North Salem and South Salem High
Schools has provided clear vehicle
identifi cation, parking preference
on public streets for residents, and is
legally enforceable. See this link (www.
show how those zones are established
and the program for residents to
purchase parking permits. In order to
reserve public right of way as parking
for residents, there is a cost to establish
and enforce the program. We do not
have such a program in place, but I
am forwarding this information to
the Planning Commission and Traffi c
Bike Pedestrian Commission to
consider the matter. If such a program
is established, guidelines and costs
would be established for designating
residential parking zones.
The city staff and Council know that
school overcrowding has led to safety
and livability problems for students,
residents and families. I am committed
to working with you all to achieve
effective and equitable solutions.
(Don Vowell gets on his soapbox
regularly in the Keizertimes.)
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phone: 503.390.1051 • web: • email:
Lyndon A. Zaitz, Editor & Publisher
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The city has received numerous complicated and require coordination
complaints about the high school traffi c with the school or neighbors. And
and parking on and around McNary some problems are directly connected
High School. The safety and livability to the overcrowding, so the city
for people living in our neighborhoods is actively participating in the site
and the safety and access for our Keizer planning process with the district.
Issues that the city can
students to get to school
directly solve include:
are very important to us.
Cars were parked
In order to let people
in muddy gravel areas
know what is going on, I
around a house near the
felt it would help to write
school. It turned out not
an open letter and share
to belong to a resident but
the issues and options we
was public right of way so
are facing.
the city did appropriate
Students are having
maintenance to take care
more diffi culty getting
of the mud.
safely to McNary High
Parking by the fi re
School. All the entrances
hydrant: The curb has
are crowded as the more
been painted to clearly
than 2200 students plus
mark the no-parking
staff members converge
zone around the fi re
on the school. Parents
hydrant which makes it
have contacted the Traffi c
an enforceable violation
Safety Commission and
Cathy Clark
to park there.
me about making it safer
Littering: School staff,
for students to walk, bike
or drive. And residents living in areas students, including student leadership
around the school have faced problems and some of the neighbors have been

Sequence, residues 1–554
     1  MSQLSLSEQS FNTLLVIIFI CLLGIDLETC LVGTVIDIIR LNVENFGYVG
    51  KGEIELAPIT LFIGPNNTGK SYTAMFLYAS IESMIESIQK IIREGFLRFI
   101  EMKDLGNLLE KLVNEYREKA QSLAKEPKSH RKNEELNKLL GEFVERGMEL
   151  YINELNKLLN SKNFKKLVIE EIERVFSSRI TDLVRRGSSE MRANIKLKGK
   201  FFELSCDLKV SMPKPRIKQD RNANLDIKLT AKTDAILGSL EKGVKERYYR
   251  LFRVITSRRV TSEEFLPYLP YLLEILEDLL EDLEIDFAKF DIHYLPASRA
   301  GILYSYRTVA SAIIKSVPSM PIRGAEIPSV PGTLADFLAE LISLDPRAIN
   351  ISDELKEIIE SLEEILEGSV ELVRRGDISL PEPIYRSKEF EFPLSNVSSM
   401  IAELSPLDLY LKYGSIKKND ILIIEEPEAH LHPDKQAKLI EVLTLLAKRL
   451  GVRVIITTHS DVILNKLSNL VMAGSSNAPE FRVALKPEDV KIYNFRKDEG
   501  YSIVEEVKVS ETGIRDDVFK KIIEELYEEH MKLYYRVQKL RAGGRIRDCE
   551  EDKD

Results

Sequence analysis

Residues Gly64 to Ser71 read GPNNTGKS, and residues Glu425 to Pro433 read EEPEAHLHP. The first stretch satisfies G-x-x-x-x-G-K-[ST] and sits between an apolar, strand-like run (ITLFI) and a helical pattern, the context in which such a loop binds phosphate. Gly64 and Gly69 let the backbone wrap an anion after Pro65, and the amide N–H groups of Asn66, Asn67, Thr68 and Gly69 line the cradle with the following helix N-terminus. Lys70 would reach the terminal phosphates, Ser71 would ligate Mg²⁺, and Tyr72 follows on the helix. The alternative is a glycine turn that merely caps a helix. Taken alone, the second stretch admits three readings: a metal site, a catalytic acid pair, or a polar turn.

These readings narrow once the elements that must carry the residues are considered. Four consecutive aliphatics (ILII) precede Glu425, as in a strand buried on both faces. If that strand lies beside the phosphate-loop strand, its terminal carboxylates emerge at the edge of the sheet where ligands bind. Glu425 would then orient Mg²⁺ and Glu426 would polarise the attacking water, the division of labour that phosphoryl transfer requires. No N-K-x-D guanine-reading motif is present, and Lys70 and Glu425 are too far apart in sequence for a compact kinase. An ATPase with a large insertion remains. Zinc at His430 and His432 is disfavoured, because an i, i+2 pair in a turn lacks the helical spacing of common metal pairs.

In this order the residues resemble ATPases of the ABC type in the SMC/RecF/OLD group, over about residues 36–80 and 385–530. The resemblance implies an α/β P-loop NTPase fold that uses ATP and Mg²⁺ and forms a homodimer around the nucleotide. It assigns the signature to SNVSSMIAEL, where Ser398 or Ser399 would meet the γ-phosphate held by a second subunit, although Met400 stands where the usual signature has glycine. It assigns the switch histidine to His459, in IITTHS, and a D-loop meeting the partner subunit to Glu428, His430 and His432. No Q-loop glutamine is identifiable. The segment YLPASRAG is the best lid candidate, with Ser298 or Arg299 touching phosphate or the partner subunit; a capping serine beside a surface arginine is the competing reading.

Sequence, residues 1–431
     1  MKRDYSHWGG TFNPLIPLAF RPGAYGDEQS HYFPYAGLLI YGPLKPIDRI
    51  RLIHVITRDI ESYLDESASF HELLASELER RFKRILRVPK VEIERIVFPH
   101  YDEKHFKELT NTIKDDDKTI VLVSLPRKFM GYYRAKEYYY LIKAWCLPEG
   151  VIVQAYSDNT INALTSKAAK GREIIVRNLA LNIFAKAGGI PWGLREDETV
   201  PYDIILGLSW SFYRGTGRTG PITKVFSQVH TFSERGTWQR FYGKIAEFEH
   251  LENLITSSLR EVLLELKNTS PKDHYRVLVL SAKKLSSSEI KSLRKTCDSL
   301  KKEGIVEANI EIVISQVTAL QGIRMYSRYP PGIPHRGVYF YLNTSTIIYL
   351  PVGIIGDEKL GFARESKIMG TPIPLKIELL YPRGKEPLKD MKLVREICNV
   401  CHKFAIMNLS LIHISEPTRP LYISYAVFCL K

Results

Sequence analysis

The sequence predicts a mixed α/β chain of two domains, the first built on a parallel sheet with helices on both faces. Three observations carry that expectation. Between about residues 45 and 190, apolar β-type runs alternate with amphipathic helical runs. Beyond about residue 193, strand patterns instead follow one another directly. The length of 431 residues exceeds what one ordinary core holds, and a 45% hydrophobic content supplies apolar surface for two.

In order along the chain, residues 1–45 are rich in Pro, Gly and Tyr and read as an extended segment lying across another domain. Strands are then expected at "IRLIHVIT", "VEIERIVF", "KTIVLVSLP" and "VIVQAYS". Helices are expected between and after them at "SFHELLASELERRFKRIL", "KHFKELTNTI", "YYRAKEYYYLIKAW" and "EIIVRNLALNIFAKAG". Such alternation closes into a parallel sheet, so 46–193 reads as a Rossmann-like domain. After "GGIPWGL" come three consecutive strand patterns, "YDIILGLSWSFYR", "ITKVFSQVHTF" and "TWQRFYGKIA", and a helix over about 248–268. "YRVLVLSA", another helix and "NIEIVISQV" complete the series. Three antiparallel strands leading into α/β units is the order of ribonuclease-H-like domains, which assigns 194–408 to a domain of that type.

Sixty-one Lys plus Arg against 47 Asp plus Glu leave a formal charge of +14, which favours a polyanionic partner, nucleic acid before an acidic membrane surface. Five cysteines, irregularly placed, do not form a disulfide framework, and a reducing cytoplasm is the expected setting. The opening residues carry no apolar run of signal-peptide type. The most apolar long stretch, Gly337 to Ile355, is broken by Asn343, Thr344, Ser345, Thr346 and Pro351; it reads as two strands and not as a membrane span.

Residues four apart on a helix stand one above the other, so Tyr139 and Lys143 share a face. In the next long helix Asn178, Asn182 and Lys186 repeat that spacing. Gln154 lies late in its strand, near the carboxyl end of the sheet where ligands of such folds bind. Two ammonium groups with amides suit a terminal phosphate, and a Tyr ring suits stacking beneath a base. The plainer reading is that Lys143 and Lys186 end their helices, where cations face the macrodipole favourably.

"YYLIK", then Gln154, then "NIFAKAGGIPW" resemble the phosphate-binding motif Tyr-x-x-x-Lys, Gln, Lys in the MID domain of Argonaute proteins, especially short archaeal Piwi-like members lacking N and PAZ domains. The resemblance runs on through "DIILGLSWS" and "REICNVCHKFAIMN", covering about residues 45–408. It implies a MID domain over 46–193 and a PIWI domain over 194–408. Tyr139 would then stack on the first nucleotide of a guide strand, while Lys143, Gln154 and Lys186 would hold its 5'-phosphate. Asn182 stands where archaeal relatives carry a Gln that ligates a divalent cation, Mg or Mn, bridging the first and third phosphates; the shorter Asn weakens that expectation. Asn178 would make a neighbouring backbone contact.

keeping the trash picked up on a
over the years from littering to drugs.
The Salem Keizer School District regular basis. I agree with everyone’s
is aware of the problems and our frustration with trash - the mere idea
city manager and police staff have of being so self-absorbed that one does
been working with the district not put trash into appropriate bins is
regarding school overcrowding and beyond my comprehension. And we
the neighborhood impacts. Until the all appreciate people who volunteer
school and its parking are expanded, to clean up and take pride in our
we are committed to work with their community.
A resident raised the issue of towing
administration to help solve issues as
cars that are blocking driveways and
they arise.
Recently, the majority of issues as a result, we found an inadvertent
have been centered on Newberg change in our ordinances in the 90’s
Drive. Some we have been able to that is now being corrected to give our
resolve quickly because the city has the police the authority to call for towing
authority to take action. Some are more in that situation.
from the
Blocked driveways have been an
issue, particularly for one neighbor
who has been blocked in and was
written up for being late to work.
With Newberg Drive being an
unimproved street, some driveways are
not clearly defi ned. We can work on
ways to clearly and consistently mark
the driveways. That would provide
objective, enforceable spaces for no
parking. I am asking our Community
Development Department to bring
information on options to both
Traffi c Bike Pedestrian and Planning
Commissions. Their recommendations
will then be provided to residents who
have driveways that are not clearly
defi ned.
There are some issues that need to
be handled by the residents with the
help of the city:
Newberg Drive is dark. Keizer
neighborhoods are each covered by
their own street lighting district paid for
by the residents. Older neighborhoods
like Newberg Drive were built without
them, but may at any time establish
a street lighting Local Improvement
District to install lights and pay for
their operation each year. Those of us
who live in neighborhoods that have
street lights are willing to do so because
we value the safety and security they
provide. I encourage residents on
Newberg and throughout Keizer to
all seriously consider putting in street
lights if you don’t have them.
Newberg Drive also has no
sidewalks. We have a long list of
sidewalk projects to build and are
getting projects built each year as funds
allow. In the meantime, neighborhoods
may form a local improvement district
program to build sidewalks. The LID